- Reddix, Valerie. Dragon Kite of the Autumn Moon. Will Tad-Tin's wild dragon kite carry all his family's troubles away?
- Say, Allen. El Chino. Houghton Mifflin, 1990. (32 ps.) This is the story of Bill Wong, who defied stereotypes and became a famous bullfighter in Spain.
- Say, Allen. Grandfather's Journey. Boston: Houghton Mifflin, Company, 1993. A Japanese American man recounts his grandfather's journey to America which he later also undertakes, and the feelings of being torn by a love for different countries.
- Shigekawa, Marlene. Blue Jay in the Desert. Chicago, Illinois: Polychrome Publishing, 1993. While living in a relocation camp during World War II, a young Japanese American boy receives a message of hope from his grandfather.
- Uchida, Yoshiko. The Bracelet. Philomel, (32 pages) Autobiographical account of the Japanese-American internment during World War II. Seven-year-old Emi tells of those forced to live in West Coast internment camps.
- Uchida, Yoshiko. The Invisible Thread. NY: Beech Tree Paperback, 1995. (136 pages) Children's author, Yoshiko Uchida, describes growing up in Berkeley, California, as a Nisei, second generation Japanese American, and her family's internment in a Nevada concentration camp during World War II.
- Uchida, Yoshiko. Journey to Topaz. NY: Scribner, 1971. (149 pages) After the Pearl Harbor attack an eleven-year-old Japanese-American girl and her family are forced to go to an aliens camp in Utah.
- Yee, Paul. Tales From Gold Mountain. NY: Macmillan, 1989. (64 ps.) Eight stories reflecting the optimism of the Chinese overcoming prejudice and adversity to build a place for themselves in North America.
- Yep, Laurence. The Traitor: Golden Mountain Chronicles, 1885. New York: HarperCollins, 2003. (310 pages) In 1885, a lonely illegitimate American boy and a lonely Chinese American boy develop an unlikely friendship in the midst of prejudices and racial tension in their coal mining town of Rock Springs, Wyoming.
- Yin. Brothers. New York: Philomel Books, 2006. (unpaged) Having arrived in San Francisco from China to work in his brother's store, Ming is lonely until an Irish boy befriends him.
- Yin. Coolies. New York: Philomel Books, 2001. (unpaged)
- Chin, Tung Pok and Chin, Winifred C. Paper Son: One Man's Story. Philadelphia: Temple University Press, 2000. (147 ps.) [973.04Ch][NF]
- Guterson, David. Snow Falling on Cedars. San Diego: Harcourt Brace, 1994. (345 ps.) [1954 murder trial in an island community off the coast of Washington states that accuses Kabuo Miyomoto. An exploration of war, race, and the mysteries of human motivation][Fiction]
- Houston, Jeanne Wakatsuki. The Legend of Fire Horse Woman. New York: Kensington Books, 2003. (329 ps.) [Manzanar camp in 1942 - three generations: Sayo, Hana, Terri]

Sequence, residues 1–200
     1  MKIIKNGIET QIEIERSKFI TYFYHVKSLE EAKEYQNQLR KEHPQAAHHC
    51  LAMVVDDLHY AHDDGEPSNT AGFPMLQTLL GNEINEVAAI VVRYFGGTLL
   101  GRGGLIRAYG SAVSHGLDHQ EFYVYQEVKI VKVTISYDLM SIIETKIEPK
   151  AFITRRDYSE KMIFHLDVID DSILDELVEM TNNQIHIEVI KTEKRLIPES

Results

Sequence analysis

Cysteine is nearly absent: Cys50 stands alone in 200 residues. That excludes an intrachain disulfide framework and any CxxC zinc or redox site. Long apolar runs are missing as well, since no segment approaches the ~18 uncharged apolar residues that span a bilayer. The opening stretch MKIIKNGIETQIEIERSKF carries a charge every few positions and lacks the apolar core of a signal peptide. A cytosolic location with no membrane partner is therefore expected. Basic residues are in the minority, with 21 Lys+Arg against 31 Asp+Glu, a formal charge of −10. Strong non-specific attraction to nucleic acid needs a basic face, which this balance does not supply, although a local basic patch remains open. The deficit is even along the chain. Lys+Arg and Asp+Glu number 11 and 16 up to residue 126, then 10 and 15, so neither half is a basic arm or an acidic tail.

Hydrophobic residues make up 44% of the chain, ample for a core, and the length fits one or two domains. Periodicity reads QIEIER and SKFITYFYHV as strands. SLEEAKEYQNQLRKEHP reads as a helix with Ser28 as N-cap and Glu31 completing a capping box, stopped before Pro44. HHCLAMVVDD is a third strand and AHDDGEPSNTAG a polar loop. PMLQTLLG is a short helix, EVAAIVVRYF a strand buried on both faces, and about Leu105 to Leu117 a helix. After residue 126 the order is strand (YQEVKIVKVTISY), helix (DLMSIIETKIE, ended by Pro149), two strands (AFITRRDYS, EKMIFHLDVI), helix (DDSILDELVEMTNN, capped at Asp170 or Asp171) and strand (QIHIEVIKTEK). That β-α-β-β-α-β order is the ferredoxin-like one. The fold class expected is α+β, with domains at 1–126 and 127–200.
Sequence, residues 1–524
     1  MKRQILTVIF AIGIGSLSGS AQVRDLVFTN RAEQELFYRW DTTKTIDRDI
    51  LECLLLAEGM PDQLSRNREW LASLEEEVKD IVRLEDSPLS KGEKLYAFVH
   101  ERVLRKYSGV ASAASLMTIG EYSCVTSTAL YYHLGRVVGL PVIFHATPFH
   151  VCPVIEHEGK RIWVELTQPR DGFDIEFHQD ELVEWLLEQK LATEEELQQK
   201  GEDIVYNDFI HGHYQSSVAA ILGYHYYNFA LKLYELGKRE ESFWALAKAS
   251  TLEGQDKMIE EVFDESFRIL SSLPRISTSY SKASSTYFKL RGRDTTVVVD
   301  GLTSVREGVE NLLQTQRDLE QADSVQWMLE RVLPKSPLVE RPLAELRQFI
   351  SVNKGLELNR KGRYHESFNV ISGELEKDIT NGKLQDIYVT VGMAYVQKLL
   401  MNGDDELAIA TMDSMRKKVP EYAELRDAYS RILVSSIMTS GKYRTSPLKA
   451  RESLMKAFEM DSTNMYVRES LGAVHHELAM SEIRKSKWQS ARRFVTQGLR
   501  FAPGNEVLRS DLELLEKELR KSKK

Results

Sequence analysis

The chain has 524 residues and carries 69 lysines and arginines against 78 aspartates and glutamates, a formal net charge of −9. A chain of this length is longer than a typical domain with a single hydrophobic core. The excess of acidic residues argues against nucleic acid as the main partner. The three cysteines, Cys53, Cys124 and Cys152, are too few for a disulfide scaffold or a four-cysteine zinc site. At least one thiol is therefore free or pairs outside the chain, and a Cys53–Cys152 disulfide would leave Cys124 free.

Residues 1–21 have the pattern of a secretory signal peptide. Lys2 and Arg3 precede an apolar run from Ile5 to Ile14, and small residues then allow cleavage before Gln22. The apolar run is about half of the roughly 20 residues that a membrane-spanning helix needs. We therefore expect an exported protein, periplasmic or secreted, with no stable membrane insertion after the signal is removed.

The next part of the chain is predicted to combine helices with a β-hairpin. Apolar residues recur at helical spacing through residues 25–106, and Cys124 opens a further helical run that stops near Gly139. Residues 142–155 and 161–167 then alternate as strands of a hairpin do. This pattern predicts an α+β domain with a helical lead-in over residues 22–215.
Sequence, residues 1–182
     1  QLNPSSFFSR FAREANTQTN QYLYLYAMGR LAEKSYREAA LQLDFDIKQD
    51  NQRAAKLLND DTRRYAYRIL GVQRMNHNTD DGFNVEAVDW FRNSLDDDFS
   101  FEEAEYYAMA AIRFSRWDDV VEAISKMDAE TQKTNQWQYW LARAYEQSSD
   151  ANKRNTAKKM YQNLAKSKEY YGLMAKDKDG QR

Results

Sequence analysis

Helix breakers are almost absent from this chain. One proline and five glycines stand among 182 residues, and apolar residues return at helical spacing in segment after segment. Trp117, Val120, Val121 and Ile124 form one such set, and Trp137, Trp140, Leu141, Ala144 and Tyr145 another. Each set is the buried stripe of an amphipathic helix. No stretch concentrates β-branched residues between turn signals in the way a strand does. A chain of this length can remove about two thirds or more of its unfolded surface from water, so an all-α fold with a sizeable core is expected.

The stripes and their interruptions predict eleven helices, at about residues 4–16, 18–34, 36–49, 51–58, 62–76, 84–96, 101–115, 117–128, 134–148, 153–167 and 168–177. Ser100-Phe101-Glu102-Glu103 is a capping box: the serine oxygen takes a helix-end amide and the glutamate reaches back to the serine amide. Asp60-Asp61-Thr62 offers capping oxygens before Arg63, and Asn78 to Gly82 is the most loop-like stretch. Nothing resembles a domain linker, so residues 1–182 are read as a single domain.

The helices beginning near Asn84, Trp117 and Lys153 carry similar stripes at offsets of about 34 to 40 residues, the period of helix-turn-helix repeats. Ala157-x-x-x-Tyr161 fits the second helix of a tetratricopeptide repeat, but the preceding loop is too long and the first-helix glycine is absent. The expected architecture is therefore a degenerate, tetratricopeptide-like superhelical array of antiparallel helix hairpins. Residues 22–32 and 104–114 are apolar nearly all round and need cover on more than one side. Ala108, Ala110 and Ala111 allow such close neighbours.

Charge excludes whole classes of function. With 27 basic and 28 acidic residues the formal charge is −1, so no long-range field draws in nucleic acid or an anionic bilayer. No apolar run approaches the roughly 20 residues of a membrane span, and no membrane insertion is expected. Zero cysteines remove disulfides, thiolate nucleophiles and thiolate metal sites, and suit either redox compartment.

- McCunn, Ruthanne Lum. Thousand Pieces of Gold: A Biographical Novel. Boston: Beacon Press, 1988. (308 ps.) [Polly Bemis]
- Mueller, Marnie. The Climate of the Country: A Novel. Willimantic, CT: Curbstone Press, 1999. (309 ps.) [Tells the story of the Tule Lake Japanese American Segregation Camp from the unique insider view of a conscientious objector his wife, living and working in Tule Lake Camp in 1943.]
- Otsuka, Julie. When the Emperor Was Divine. New York: Knopf: Random House, 2002. (141 ps.) [1942 Berkeley, California - one family: woman, son, daughter, husband - Japanese heritage - Utah - disenfranchisement and prejudice]
- Pellegrino, Charles R. The Last Train from Hiroshima: The Survivors Look Back. New York: Henry Holt, 2010. (367 ps.) [NF]
- Sato, Kiyo. Kiyo's Story: A Japanese-American Family's Quest for the American Dream. New York: Soho Press, 2009. (339 ps.) [Memoir of Sato's father emigrating from Japan in 1911, "picture brides" - building a home, cultivating a fruit farm in California; swept into the World War II Japanese internment camps.][NF]
- See, Lisa. Shanghai Girls: A Novel. New York: Random House, 2009. (314 ps.) ["paper son" wives - 1930s]
- Siu, Paul C. P. (Paul Chan Pang). The Chinese Laundryman: A Study of Social Isolation. New York: New York University Press, 1987. (311 ps.) [331.625] [NF]
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- Alonso, Karen. Korematsu v. United States: Japanese-American Internment Camps. Springfield, NJ: Enslow, 1998. (128 pages)
- Conrat, Maisie. Executive Order 9066: The Internment of 110,000 Japanese Americans. San Francisco: California Historical Society, 1972. (120 pages)
- Hamanaka, Sheila. The Journey: Japanese Americans, Racism, and Renewal. New York: Orchard Books, 1990. (39 pages)
- Martin, Michael. Chinese Americans. Philadelphia: Chelsea House Publishers, 2003. (112 pages)
- Meltzer, Milton. The Chinese Americans. New York: Crowell, 1980. (181 pages)
- Thornton, Jeremy. The Gold Rush: Chinese Immigrants Come to America (1848-1882). New York: PowerKids Press, 2004. (24 pages)
- Tunnell, Michael. The Children of Topaz: The Story of a Japanese-American Internment Camp. New York: Holiday House, 1996. (74 pages)
- Welch, Catherine. Children of the Relocation Camps. Minneapolis: Carolrhoda Books, 2000. (48 pages)